MR. [Benjamin] HARRISON (of Virginia) proposed, as a compromise that two salves should be counted as one freeman.  He affirmed that slaves did not work as much work as freemen, and doubted if two effected more than one.  That this was proved by the price of labor;  the hire of a laborers in the Southern colonies being from 8 pounds to 12 pounds while in the Northern it was generally 24 pounds.

That last claim by Benjamin Harrison should jump out at you, it obviously didn't occur to him that it was the price of work for poor whites in slave owning regions that was driven down by the presence of unpaid labor and that where workers were paid their employers were forced to pay them more because it increased their ability to keep more of what they produced, not the overall value of their labor. 

No doubt John Adams mentioning the deplorable conditions fishermen worked in was inspired by Samuel Chase being from Maryland, where there were many
slaves who worked in the fishing industry.  Adams' position as one of the very few of the Founders who never held anyone in slavery is intersting as is the fact that he and his son John Quincy Adams were the only two of the presidents before Lincoln who had never held anyone in slavery.

The pattern of these aristocrats trying to get out of paying taxes on their wealth was already well established, as was their taking for-granted that they had a right to the value of the product of other peoples' labor, granting them no more than a subsistence from any surplus.  Even John Adams seemed to figure there was nothing unusual about that.  And the curse of regionalism was there, exacerbated by the interests of slave-holding aristocrats, something that has persisted up till today, when official slavery is supposed to have ended almost a century and a half ago.  The Constitutional mechanisms demanded by the slave-holders to give them the advantage that was very real in the United States up to and after the Civil War were already in the works even as the ink was drying on the Declaration of Independence,  It would be two weeks after this debate when the document reached England.   In reality some of that had preceded the final draft of the document as slave-owners, including Benjamin Franklin working, watered down some of Jefferson's youthful enthusiasms for the ideals of freedom and equality on the basis that it would be unacceptable to Southern aristocracy.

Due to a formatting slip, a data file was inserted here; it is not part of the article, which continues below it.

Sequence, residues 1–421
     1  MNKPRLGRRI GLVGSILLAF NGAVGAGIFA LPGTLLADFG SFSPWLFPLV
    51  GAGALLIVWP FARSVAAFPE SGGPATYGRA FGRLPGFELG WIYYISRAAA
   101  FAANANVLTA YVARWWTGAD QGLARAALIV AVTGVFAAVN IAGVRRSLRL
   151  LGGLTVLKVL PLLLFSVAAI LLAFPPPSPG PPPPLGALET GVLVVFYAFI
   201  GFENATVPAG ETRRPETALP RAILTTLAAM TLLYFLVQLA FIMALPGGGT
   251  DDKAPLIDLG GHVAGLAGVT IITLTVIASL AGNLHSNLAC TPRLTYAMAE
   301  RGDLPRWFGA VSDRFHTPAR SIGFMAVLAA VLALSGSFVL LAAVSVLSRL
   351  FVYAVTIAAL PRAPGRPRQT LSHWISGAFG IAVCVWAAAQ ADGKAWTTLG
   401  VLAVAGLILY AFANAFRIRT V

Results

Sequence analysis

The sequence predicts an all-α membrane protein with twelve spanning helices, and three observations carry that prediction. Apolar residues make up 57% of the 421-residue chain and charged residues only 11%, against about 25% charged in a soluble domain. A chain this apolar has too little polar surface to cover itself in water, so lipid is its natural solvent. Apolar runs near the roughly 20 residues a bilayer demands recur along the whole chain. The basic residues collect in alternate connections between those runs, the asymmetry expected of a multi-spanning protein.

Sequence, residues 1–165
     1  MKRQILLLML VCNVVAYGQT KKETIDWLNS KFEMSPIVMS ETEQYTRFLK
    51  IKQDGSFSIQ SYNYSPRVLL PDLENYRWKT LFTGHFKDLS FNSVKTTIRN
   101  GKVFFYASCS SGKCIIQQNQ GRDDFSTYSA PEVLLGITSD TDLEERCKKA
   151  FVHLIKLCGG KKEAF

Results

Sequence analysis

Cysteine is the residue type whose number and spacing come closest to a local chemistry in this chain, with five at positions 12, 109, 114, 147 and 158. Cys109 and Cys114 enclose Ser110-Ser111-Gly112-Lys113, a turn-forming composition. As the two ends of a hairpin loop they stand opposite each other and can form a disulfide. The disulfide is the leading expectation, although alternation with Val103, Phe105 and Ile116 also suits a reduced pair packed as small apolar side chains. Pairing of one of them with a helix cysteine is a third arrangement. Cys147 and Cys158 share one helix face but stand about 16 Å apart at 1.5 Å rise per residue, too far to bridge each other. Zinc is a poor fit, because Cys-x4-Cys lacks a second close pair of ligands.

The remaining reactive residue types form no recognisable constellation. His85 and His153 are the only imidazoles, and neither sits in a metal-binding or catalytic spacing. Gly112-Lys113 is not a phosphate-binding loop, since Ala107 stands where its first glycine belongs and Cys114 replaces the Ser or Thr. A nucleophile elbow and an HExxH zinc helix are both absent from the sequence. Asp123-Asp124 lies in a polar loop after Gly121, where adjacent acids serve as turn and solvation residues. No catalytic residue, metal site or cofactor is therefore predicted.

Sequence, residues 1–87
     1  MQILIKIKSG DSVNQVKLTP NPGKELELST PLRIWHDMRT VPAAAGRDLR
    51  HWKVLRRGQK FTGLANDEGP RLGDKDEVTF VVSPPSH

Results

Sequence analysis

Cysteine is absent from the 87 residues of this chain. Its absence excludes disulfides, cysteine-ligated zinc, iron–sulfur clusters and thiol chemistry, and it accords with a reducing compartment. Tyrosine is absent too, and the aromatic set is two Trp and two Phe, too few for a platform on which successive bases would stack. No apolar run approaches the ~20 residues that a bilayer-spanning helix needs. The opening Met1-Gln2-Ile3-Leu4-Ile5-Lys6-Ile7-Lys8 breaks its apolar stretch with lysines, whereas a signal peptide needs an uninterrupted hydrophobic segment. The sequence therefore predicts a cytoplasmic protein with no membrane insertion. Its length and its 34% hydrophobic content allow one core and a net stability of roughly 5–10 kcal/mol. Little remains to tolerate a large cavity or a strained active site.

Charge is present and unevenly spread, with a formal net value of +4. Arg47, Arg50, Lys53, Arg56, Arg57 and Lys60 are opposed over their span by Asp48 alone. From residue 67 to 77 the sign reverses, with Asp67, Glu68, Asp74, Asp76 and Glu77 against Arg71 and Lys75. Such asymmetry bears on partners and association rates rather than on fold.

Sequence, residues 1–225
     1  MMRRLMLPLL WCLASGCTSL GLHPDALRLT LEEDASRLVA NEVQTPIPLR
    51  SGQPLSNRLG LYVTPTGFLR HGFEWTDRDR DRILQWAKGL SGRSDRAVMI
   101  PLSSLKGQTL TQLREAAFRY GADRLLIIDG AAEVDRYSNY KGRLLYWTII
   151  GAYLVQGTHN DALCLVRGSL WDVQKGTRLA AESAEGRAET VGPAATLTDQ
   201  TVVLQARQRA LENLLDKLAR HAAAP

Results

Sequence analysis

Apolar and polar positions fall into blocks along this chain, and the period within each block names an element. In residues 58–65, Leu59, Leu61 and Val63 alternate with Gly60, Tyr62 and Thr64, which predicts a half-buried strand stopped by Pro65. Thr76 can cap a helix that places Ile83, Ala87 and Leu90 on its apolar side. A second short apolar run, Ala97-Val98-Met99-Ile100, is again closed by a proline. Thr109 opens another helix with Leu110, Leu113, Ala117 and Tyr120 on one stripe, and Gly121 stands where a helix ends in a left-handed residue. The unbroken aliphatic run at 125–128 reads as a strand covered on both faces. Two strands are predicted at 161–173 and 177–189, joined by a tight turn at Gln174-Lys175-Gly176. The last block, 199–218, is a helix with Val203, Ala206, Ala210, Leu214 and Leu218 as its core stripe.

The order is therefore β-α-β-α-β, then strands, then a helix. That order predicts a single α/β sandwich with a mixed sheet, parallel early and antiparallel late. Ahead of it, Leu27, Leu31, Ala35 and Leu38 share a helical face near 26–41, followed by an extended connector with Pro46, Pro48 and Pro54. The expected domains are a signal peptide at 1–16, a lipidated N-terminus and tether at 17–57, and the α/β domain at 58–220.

But the jockeying by delegates from Northern States to get Southern States to pay what they saw as a fair share of taxes and the Southern States threatening to sink their joint scheme of aristocrats in the North to protect their financial interests only got worse in the Constitutional Convention.  Once the revolution was won, once the aristocrats who fomented the revolution got what they wanted,  all that inspirational talk of equality and freedom and rights, which they used to fuel their revolution, could be left behind.  Like other revolutions, the French, the Russian, etc. once the revolutionaries got what they wanted, they didn't need to keep their bargain with the common soldiers they suckered into doing the fighting.

That was what the Constitutional Convention was motivated by, the inconvenience to rich men of poor men demanding what they had been promised and the chance that having seen what the revolution they fought could do, they might impose that equality and freedom more literally than the "Founders" found gratifying.   It was a certainty that the Constitutional Congress had no intention of giving them more than they could get away with keeping for themselves.   They certainly didn't intend to live up to that "all men are created equal" "endowed by their Creator with rights" stuff in so far as it concerned Black People, Native Americans, and anyone else they could get away with stiffing, entirely.   Jefferson found his enthusiasm for holding Black People in slavery increased even as the Constitution was being written and Constitutional government was getting off the ground.  His youthful  - and useful - language about "all men" "endowed by their Creator" "inalienable rights" which fueled a revolution no longer necessary.